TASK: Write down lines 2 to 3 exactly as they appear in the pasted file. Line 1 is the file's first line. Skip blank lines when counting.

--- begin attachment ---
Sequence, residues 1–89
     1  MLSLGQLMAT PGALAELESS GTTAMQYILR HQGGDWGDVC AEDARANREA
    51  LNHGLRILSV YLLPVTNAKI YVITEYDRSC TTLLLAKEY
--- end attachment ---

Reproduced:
     1  MLSLGQLMAT PGALAELESS GTTAMQYILR HQGGDWGDVC AEDARANREA
    51  LNHGLRILSV YLLPVTNAKI YVITEYDRSC TTLLLAKEY